Barmak Kusha: Kavian jan, can you shed light on why Baha’u’llah criticizes Nabil’s work? We spoke of this briefly…. a citation would be great. I heard you say He criticizes Nabil’s inclusion of stories of the supernatural, «خوارق عاده» …
Peter Smith: I had heard -a long, long time ago, and I have no idea whether or not it is true -that Baha’u’llah didn’t like Nabil’s original draft because it emphasized miracles too much.
Denis Mac Eoin: My understanding has always been that Dawn-breakers is not a fill translation of the history, but a cobbling together of a bowdlerized version created by Shoghi Effendi. When I saw the original many years ago in Haifa, no-one was permitted to stay long enough to read or translate the whole thing. That may have changed now. But it would be important for at least the whole of the Persian original to be published in book form or online. Without that, Nabil is of very limited use to academics. There are other histories that have not been published ort which have been made unavailable.
Badi Villiar: Ruhiyyyih Khanum also did not consider the Dawn-breakers to be the result of an academic (or a strict) translation effort of Nabil’s narrative. To look: The Priceless Pearl (1969). Dawn-breakers is a simplification and recreation to raise the missionary spirit of believers!
Denis Mac Eoin: Badi, I am sure that matters to believers, but for a non-believer and academic such as myself who has written vast amounts about the Bab and Babism, things like missionary spirit are beside the point. The main thing is whether or not the narrative is reasonably accurate, whether it has egregious errors or not, and so on. If Bahá’ís believe that reason and religion go hand in hand, ignoring a reason-based approach to historical texts does not sit well with outsiders who are academics or even non-believers as such, including potential converts. Nabil’s Narrative is not divine revelation and should, therefore, be judged by human standards. I don’t mean Bahá’ís can’t use it for inspirational purposes. But, as my own research has shown, there is a great deal that Nabil does not even mention in his history, and surely that should be of interest to Bahá’ís too.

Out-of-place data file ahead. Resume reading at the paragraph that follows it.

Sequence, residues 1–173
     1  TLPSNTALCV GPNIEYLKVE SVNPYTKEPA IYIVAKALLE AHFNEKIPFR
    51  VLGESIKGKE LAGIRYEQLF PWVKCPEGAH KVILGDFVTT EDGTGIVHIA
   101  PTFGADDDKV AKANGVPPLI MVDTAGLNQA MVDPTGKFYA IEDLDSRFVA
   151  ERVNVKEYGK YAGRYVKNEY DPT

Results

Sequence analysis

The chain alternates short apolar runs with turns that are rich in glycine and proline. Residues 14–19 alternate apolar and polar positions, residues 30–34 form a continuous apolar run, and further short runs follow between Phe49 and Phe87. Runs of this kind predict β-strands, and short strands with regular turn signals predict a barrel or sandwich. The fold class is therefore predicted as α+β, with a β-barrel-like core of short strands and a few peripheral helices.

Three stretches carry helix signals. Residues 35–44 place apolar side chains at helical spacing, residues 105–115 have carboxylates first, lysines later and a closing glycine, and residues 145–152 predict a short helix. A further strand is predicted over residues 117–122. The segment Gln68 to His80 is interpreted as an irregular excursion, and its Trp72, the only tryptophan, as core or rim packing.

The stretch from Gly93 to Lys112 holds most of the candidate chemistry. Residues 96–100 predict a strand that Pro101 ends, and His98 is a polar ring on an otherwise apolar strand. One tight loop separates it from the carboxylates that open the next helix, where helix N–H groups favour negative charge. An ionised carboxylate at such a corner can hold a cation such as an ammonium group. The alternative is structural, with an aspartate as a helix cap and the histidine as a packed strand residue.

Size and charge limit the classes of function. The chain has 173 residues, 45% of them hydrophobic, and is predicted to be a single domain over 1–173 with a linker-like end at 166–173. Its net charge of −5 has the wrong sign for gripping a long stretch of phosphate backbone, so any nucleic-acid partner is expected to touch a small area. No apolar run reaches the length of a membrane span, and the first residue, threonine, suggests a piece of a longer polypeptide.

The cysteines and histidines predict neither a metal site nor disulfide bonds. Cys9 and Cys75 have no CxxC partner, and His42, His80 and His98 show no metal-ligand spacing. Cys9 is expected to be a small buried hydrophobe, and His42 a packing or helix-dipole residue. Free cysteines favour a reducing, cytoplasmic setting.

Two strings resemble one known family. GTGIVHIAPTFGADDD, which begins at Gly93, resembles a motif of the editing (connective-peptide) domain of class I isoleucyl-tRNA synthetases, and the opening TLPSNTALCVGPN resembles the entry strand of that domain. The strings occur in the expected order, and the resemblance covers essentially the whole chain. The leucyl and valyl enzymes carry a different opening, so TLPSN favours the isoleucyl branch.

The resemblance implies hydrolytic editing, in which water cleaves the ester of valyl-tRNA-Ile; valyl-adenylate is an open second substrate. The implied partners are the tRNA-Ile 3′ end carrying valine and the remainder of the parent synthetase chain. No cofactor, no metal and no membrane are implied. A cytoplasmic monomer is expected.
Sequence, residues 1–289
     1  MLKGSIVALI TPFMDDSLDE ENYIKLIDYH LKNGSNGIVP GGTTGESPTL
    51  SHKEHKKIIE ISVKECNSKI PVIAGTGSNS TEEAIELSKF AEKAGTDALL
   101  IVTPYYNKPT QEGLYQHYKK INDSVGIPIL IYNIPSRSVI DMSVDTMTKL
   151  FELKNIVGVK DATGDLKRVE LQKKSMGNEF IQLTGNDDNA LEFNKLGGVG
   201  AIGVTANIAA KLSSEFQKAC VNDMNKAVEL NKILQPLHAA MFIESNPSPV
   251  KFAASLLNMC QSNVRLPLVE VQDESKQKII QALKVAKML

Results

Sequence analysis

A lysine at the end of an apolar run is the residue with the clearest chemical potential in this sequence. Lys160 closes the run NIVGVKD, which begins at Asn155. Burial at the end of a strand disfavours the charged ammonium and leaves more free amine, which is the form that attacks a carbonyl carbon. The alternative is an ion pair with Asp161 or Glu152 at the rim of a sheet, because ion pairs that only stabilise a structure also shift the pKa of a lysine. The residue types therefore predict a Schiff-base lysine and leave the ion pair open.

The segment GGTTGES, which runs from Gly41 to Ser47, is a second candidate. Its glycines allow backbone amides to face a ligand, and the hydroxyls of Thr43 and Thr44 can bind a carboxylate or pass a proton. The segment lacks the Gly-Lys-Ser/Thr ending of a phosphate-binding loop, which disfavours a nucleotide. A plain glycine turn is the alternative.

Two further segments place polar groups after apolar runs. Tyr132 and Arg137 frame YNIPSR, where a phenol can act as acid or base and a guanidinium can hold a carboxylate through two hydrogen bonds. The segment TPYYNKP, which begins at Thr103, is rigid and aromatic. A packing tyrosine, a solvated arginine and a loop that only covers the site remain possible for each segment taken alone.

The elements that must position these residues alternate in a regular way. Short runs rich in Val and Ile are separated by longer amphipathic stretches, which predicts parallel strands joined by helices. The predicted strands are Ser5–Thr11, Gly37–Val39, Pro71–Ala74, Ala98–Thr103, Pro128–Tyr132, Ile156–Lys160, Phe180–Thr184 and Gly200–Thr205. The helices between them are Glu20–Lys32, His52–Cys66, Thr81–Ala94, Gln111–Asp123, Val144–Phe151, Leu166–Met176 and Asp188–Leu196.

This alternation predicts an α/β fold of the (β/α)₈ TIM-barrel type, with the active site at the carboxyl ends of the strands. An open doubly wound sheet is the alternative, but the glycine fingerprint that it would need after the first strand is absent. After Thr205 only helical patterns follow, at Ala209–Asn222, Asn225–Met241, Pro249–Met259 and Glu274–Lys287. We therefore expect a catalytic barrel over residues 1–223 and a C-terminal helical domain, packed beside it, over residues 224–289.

Badi: Denis, I understand your point. You are right to prioritize your interests as an academic, who is also a non-believer. But it is also important to understand the purpose for which the Dawn-breakers was written. These things are very important when anyone studies a religion.